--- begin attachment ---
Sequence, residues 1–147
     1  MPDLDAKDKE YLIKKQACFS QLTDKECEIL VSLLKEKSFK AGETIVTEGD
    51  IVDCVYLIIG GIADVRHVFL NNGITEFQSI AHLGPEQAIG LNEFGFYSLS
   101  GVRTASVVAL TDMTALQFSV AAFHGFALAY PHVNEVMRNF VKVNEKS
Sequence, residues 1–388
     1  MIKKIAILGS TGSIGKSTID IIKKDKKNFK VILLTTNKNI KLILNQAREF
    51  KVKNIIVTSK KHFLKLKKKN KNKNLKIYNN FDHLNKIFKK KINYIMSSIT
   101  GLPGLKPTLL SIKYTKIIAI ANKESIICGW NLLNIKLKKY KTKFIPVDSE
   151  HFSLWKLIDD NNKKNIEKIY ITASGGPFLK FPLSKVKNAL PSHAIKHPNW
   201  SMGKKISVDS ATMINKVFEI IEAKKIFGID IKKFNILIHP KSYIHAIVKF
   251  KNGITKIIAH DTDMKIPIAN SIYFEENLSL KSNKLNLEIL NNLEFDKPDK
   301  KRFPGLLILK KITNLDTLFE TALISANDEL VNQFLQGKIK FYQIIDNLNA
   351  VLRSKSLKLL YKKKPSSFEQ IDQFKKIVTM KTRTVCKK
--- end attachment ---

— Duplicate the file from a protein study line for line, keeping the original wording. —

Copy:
Sequence, residues 1–147
     1  MPDLDAKDKE YLIKKQACFS QLTDKECEIL VSLLKEKSFK AGETIVTEGD
    51  IVDCVYLIIG GIADVRHVFL NNGITEFQSI AHLGPEQAIG LNEFGFYSLS
   101  GVRTASVVAL TDMTALQFSV AAFHGFALAY PHVNEVMRNF VKVNEKS
Sequence, residues 1–388
     1  MIKKIAILGS TGSIGKSTID IIKKDKKNFK VILLTTNKNI KLILNQAREF
    51  KVKNIIVTSK KHFLKLKKKN KNKNLKIYNN FDHLNKIFKK KINYIMSSIT
   101  GLPGLKPTLL SIKYTKIIAI ANKESIICGW NLLNIKLKKY KTKFIPVDSE
   151  HFSLWKLIDD NNKKNIEKIY ITASGGPFLK FPLSKVKNAL PSHAIKHPNW
   201  SMGKKISVDS ATMINKVFEI IEAKKIFGID IKKFNILIHP KSYIHAIVKF
   251  KNGITKIIAH DTDMKIPIAN SIYFEENLSL KSNKLNLEIL NNLEFDKPDK
   301  KRFPGLLILK KITNLDTLFE TALISANDEL VNQFLQGKIK FYQIIDNLNA
   351  VLRSKSLKLL YKKKPSSFEQ IDQFKKIVTM KTRTVCKK